Nelson’s method and the parametric method account for duration of each readmission as a so-called weighted event (9). Thus, the cumulative number of hospital days/patient across time can be calculated as well as the rate (hazard) of accumulating those days. Nelson’s original work associated a cost with an event, calling it the cumulative cost function. We also analyzed indexed readmission costs, using his and the parametric method, presenting them as cumulative indexed cost/patient across time and the rate of accumulating cost. As will be seen, unlike readmissions that increment cumulative graphs by single units (normalized to number at risk), both hospital days and costs increment then by highly variable amounts.
Time-related mortality while on support was analyzed similarly, except that the Kaplan-Meier estimator was used rather than the Nelson nonparametric method.
Because of the nonproportional hazards nature of readmissions, duration of readmissions, indexed cost of readmissions, and mortality, the same set of variables was considered in each resolved hazard phase during multivariable analysis (see Online Appendix 1 for the list of variables considered). Because results of a single multivariable analysis can be unstable, variable selection used bootstrap aggregation (bagging) (10,11). Briefly, a dataset was constructed of size equal to the original by random sampling of cases with replacement (bootstrap sampling). On average, approximately one-third of patients are not picked, whereas some patients are selected more than once. The bootstrap sample was analyzed by an automated forward stepwise algorithm with an entry criterion of p < 0.1 and a retention criterion of p < 0.05. The result was stored. This process of sampling, automated analysis, and storing was repeated 500 times. During such analyses, the signal appears stronger and stronger with each successive analysis (12,13). When completed, the number of times a variable appeared in these 500 analyses was taken as a reflection of reliability (signal). Following Breiman’s median rule, we retained variables appearing in at least 50% of the models, with the interpretation that there is at least a 50% chance the variable is statistically significant (p < 0.05).
Because a priori certain sets of variables are highly correlated, such as height, weight, body surface area, and body mass index, post-processing of the 500 bootstrap analyses was performed over a cluster of such variables (each such cluster is identified in the Online Appendix 2), which not only indicated the reliability of the cluster but also the number of members of the cluster usually present in the models—generally 1—and the identity of the most commonly occurring representative of the cluster. This variable was selected for inclusion in the final model. In addition, to conform with linearity assumptions of the model, a set of transformations of scale for continuous variables was incorporated into the bagging process. The cluster of transformations was aggregated, the reliability of the cluster was determined, and the number of transformations generally appearing in the models (for example, a U-shaped relationship to risk would typically require 2 transformed variables) and the most commonly appearing transformation (or pairs of transformations) were identified for inclusion in the final model.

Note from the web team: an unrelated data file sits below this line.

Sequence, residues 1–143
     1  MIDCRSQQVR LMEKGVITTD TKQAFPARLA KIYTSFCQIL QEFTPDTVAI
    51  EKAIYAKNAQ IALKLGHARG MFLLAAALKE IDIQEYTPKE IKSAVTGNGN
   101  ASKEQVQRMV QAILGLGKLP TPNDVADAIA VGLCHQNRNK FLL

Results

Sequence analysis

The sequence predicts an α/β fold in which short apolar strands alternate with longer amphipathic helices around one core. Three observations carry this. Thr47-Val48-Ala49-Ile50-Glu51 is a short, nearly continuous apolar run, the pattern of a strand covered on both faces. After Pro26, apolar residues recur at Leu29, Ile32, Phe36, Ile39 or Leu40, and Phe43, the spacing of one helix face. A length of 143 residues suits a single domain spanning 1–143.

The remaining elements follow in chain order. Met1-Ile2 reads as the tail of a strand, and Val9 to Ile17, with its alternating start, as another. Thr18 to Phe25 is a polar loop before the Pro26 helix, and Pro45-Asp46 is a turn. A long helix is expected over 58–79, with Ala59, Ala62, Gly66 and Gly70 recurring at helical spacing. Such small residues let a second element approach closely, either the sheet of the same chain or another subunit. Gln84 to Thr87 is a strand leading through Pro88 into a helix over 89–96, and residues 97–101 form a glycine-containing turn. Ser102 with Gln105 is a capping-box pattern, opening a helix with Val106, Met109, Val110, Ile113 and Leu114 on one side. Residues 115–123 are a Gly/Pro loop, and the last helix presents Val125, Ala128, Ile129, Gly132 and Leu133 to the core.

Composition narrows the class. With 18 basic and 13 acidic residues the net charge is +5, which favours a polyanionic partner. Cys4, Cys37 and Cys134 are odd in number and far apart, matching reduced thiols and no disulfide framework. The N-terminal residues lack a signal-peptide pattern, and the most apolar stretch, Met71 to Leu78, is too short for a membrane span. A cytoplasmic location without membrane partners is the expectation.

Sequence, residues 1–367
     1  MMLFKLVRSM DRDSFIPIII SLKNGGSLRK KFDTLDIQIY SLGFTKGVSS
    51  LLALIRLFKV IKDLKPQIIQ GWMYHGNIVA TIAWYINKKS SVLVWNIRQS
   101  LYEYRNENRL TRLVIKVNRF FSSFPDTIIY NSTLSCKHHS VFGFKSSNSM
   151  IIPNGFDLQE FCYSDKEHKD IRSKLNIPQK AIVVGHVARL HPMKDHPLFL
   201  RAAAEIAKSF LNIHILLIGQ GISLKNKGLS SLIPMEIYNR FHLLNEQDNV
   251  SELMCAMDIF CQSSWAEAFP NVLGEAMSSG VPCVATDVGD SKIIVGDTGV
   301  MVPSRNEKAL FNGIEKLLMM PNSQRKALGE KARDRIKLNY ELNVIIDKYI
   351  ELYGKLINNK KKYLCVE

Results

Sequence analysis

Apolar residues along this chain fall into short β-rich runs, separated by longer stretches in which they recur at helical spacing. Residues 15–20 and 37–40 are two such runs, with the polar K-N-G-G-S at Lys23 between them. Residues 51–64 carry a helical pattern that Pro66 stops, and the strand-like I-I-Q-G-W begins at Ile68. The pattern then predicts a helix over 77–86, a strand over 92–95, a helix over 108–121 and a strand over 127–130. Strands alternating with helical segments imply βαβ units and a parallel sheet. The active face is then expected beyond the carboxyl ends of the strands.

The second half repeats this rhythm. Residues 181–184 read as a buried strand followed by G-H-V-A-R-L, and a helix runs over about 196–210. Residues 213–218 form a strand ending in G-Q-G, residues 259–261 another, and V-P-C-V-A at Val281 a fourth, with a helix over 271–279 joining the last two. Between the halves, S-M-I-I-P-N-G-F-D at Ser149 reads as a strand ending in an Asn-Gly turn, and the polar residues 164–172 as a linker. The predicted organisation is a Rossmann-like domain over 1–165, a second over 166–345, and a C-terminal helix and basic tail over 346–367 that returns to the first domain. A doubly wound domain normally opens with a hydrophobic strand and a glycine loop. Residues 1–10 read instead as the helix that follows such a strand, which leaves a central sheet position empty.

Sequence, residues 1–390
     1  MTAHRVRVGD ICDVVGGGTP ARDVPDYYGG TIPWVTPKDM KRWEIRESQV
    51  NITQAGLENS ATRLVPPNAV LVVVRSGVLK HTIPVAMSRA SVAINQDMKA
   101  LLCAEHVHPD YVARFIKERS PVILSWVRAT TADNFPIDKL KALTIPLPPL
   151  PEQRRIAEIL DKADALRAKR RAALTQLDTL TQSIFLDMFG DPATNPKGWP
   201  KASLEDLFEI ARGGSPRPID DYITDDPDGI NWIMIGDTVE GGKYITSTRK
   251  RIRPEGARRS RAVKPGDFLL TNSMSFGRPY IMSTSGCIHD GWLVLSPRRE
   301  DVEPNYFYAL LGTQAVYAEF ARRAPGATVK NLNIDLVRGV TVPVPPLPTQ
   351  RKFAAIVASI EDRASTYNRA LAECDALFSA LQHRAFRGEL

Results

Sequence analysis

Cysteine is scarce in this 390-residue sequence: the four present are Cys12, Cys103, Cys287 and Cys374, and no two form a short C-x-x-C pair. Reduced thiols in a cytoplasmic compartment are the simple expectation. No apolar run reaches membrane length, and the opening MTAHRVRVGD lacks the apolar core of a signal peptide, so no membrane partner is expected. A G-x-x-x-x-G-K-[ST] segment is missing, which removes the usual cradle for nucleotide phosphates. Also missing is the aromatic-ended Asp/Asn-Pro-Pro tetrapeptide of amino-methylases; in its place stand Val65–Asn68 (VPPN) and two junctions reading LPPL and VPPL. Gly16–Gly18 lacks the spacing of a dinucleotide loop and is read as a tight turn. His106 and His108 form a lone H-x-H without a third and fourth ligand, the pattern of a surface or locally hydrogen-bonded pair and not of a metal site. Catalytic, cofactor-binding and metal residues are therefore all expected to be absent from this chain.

At the conclusion of the bagging process, a final model was formed from the bagged results.
Readmission was treated as a time-varying covariable for both subsequent readmissions in repeated-events analyses and in the analysis of death. Four variables relating to each readmission were analyzed: 1) readmission (yes/no); 2) sequence number of each readmission; 3) interval between time zero and the previous readmission; and 4) interval since last readmission.
Multiple imputation was used to provide sporadic missing values for covariables rather than eliminating patients from any analysis. Missing values are identified in Table 1. For this, 5-fold multiple imputation was performed (14) with a Markov Chain Monte Carlo technique (SAS PROC MI, version 9.1, SAS, Inc.). Only covariables were imputed, not outcomes. Bootstrap bagging for variable selection, as described earlier, used 1 imputed dataset. Regression coefficients and their variance–covariance matrix for the final models were subsequently estimated for each imputed dataset and combined (PROC MIANALYZE, version 9.1, SAS, Inc.) using the method of Rubin (14) to produce the final estimates.